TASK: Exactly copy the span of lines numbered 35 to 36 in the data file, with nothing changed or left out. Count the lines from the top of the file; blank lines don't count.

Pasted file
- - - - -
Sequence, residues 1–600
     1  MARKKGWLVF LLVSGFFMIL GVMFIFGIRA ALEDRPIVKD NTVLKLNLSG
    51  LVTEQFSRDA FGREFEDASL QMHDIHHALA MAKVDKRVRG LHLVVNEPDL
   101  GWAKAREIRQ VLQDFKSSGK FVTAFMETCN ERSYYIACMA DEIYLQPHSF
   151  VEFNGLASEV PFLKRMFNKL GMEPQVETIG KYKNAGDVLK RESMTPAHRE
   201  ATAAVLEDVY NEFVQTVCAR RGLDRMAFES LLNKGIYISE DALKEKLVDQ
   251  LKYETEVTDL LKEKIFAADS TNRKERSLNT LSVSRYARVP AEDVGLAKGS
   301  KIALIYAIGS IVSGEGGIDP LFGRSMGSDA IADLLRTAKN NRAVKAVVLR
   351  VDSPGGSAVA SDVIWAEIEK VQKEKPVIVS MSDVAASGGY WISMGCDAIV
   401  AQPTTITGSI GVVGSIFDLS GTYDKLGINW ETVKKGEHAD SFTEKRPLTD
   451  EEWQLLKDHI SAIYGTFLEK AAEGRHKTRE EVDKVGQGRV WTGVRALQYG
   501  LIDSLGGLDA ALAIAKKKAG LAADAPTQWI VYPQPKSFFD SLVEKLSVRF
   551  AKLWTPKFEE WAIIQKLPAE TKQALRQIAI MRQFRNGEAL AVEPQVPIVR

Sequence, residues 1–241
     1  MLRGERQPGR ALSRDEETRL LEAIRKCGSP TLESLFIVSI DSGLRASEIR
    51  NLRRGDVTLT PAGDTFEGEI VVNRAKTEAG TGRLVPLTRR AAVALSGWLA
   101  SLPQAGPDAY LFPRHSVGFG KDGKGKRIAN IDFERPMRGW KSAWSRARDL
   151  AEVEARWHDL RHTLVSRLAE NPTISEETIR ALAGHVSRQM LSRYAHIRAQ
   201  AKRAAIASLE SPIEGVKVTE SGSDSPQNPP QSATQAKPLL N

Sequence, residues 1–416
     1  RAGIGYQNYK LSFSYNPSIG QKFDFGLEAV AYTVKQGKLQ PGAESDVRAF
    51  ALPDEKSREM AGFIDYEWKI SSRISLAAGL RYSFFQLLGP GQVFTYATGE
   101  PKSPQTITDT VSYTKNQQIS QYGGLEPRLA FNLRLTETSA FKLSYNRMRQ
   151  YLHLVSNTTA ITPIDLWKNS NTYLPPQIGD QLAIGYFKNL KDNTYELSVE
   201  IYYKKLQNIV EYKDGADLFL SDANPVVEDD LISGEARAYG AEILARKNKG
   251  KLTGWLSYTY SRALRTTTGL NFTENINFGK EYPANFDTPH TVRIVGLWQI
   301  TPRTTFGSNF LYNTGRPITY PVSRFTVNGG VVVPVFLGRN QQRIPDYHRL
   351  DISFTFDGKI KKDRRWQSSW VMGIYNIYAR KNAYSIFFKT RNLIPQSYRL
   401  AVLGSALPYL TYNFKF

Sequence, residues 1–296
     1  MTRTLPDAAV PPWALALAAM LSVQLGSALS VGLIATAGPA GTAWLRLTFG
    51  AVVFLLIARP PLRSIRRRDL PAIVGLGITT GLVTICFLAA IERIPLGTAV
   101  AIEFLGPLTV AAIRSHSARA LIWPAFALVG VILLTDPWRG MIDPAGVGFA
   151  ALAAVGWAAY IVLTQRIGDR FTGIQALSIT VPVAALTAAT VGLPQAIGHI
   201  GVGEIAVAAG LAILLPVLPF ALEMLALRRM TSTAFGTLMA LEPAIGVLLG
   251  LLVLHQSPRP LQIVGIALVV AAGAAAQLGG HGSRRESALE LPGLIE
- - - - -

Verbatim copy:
   201  GVGEIAVAAG LAILLPVLPF ALEMLALRRM TSTAFGTLMA LEPAIGVLLG
   251  LLVLHQSPRP LQIVGIALVV AAGAAAQLGG HGSRRESALE LPGLIE